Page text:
CEO update: Supply, solutions and a spectacular summit

25 August 2022

Photo by Matthew Henry on Unsplash

Not for the first time this winter, New Zealand’s electricity supply struggled to keep up with demand. Transpower yet again announced to generators that power cuts were at risk unless supply was increased.

Driving the demand on cold winter mornings and evenings are thousands of poorly insulated homes, forced to crank up the heating to levels that would be unnecessary with decent insulation.

Improving these homes will massively reduce the risk of power cuts.

Improving them will substantially reduce the amount of energy needed, reducing carbon pollution and reducing the need to burn climate-wrecking coal and gas when hydro levels are low.

Improving these homes will better the health of the families living in them, and reduce their household bills, too – something particularly needed as the costs of living rise.

Our homes can provide the solution to many problems: health, rising costs, climate change, and power cuts. And deploying the straightforward solutions of healthy, warm homes is important too because it is these special places, where memories are made, that are far too often facing the brunt of climate change.

Just last week, hundreds of New Zealand families evacuated from their homes in Nelson, and thousands were without power due to wild weather. A state of emergency was declared in Nelson and the West Coast. Without slashing carbon pollution, these events only occur more often.

But there is momentum growing behind the solutions, and behind the key role that our homes, buildings and cities must play.

This year’s Housing Summit on 27 September features an array of international and national experts who will present a range of case studies and solutions, and the very latest developments in the growing drive to make all our homes and communities green, healthy places.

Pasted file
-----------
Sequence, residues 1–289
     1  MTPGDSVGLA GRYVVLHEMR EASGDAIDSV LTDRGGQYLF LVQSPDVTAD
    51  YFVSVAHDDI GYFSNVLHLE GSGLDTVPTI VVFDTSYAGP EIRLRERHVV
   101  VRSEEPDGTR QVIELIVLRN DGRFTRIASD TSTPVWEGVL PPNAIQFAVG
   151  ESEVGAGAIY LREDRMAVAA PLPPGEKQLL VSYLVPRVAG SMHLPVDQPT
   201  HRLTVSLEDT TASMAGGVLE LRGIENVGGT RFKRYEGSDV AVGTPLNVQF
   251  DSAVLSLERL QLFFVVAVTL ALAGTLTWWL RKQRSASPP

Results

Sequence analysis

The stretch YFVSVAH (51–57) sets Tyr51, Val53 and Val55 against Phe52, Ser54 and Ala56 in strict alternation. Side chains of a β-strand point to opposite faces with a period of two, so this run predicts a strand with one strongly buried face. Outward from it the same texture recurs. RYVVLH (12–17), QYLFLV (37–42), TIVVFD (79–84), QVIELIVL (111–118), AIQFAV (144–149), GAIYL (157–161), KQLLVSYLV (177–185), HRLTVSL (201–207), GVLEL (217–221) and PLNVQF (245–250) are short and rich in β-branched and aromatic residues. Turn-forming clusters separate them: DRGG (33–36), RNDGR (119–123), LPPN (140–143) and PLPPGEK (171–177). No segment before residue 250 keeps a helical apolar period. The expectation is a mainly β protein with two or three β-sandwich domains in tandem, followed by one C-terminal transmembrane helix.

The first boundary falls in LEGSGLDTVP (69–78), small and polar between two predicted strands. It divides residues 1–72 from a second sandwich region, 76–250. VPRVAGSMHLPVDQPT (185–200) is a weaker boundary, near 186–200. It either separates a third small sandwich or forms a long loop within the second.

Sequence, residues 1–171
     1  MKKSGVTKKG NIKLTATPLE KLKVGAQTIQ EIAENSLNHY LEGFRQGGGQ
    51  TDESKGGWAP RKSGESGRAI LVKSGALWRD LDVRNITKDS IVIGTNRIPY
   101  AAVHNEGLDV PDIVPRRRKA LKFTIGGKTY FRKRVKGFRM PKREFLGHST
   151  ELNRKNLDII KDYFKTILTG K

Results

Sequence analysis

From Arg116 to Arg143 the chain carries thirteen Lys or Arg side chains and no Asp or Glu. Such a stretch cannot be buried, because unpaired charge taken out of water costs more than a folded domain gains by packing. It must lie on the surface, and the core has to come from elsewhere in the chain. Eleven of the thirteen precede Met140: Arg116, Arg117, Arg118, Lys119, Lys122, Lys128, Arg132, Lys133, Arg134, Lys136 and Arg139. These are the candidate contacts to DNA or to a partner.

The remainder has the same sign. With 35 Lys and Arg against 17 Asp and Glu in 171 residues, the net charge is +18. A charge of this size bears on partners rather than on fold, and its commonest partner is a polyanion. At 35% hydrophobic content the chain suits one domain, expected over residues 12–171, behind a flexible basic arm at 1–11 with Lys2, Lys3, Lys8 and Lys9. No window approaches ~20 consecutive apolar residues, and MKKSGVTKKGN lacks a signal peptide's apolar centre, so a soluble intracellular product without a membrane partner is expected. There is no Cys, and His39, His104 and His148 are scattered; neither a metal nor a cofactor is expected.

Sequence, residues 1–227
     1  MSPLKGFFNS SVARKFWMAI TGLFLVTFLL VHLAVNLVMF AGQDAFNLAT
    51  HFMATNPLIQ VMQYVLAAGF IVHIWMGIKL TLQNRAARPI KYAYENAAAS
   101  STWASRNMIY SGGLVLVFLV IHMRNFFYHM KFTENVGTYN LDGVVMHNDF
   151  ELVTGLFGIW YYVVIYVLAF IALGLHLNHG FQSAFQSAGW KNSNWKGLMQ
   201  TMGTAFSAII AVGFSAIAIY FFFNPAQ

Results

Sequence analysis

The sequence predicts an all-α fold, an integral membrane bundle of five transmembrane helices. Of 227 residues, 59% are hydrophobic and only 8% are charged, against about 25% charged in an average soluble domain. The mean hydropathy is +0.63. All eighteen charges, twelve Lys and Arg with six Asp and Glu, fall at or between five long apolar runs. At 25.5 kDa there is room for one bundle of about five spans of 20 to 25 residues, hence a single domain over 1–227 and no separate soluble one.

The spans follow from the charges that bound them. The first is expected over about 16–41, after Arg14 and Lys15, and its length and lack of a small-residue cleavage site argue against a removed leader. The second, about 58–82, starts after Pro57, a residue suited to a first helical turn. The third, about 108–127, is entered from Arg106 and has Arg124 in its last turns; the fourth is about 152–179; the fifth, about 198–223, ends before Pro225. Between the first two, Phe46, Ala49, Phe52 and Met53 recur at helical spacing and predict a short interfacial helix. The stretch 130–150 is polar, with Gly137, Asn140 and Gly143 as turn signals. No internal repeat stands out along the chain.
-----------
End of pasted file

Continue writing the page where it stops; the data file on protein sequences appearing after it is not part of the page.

Real progress is now happening towards meeting the necessary cuts in climate change pollution, from the world’s biggest economies to regional action right here in Aotearoa.

The United States recently passed one of the biggest ever pieces of climate change legislation. Signed into law by President Biden last week, it includes billions of dollars in investments in greening public buildings, affordable housing, and low embodied carbon construction materials. Plus, it offers tens of billions of dollars in new clean energy financing opportunities and big tax incentives for energy efficiency measures in buildings and homes.

And, with more good news, Wellington City Council has launched a $20million fund for green buildings in the capital. This innovative scheme will support lower-carbon healthier homes and buildings and encourage designers, builders and developers to play a big part in helping to achieve Wellington’s lower carbon goals. Let's see other councils follow suit.

But the pace and ambition for change are lacking in our existing buildings and homes. OECD countries are putting healthy, warm homes & buildings at the centre of massive climate initiatives. Ireland has committed to deep retrofit over 500,000 homes. Germany is investing £16 billion a year for three years to go towards improving the health and energy efficiency of buildings in the bottom 25 per cent of energy performance.

That would be similar to NZ investing $1.5bn per year in healthier lower carbon homes and buildings. This will deliver huge benefits to households and businesses; a win for health, for energy resilience, for a just transition and for carbon.

This and much more will be discussed at the Housing Summit Looking forward to seeing you there. We’re expecting a sell-out, so be sure to get in quick to make sure you get a ticket.